If I Claim 1 on a W-4, Will I Owe Taxes at the End of the Year?

by Michael Keenan

One of the many documents you have to fill out when you start a job is a Form W-4, which tells your employer how many allowances you're claiming for income tax purposes. Entering the proper number of allowances helps avoid having to write a big check to Uncle Sam when you file your taxes.

Effect of Allowance

Claiming allowances reduces the amount of money your employer withholds from your paycheck to cover your income taxes due at the end of the year. When you claim one allowance, it reduces your income subject to tax withholding by the value of one allowance over the course of the year -- $3,900, as of 2013. For example, if you're paid weekly, each allowance reduces your paycheck subject to withholding by $75.

Effect on Refund

The amount withheld from your check doesn't affect your actual tax liability, just how much of it is covered through withholding. When you get a refund, it doesn't mean the government's paying you -- it usually just means you're getting back the extra money you paid in during the year. Let's say your tax liability is $3,500. If you have $2,900 withheld, you're left with a bill of $600. However, if you had $4,000 withheld, you'll get a $500 refund.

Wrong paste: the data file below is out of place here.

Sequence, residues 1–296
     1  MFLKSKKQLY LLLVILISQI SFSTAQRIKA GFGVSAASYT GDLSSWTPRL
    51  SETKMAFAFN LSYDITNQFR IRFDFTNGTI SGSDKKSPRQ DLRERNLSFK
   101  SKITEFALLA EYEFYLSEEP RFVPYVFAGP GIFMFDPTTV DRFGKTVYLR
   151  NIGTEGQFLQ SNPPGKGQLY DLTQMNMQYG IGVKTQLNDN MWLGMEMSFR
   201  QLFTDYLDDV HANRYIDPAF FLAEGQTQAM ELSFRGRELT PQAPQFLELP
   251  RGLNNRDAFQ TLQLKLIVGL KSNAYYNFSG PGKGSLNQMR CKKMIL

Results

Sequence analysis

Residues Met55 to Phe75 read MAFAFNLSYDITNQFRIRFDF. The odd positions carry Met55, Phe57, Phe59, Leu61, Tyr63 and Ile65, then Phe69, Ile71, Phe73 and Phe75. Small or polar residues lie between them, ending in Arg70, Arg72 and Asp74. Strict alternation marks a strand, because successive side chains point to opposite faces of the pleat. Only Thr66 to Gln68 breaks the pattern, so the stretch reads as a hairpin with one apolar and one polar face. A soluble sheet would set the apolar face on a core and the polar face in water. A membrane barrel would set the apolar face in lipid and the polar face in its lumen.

Reasons for Owing More

The withholding from your paycheck only includes the income you make from that job. If you have more than one job, or other sources of income that aren't subject to withholding, you could find yourself owing extra money. Let's say that besides the $40,000 you earn from your job, you made a $5,000 profit on stocks you sold during the year. While you're only claiming one allowance, you might owe more taxes because of the capital gains.

Reasons for Refund

If you're entitled to more than one allowance and only claim one, you'll probably have a refund coming. You may be entitled to multiple allowances if you're claiming dependents on your tax return, filing as head of household, claiming dependent care expenses or claiming other large deductions and credits (besides the standard deduction). For example, if you qualify for a large earned income credit, that will reduce your tax liability and increase your refund.

Resources

About the Author

Mark Kennan is a writer based in the Kansas City area, specializing in personal finance and business topics. He has been writing since 2009 and has been published by "Quicken," "TurboTax," and "The Motley Fool."

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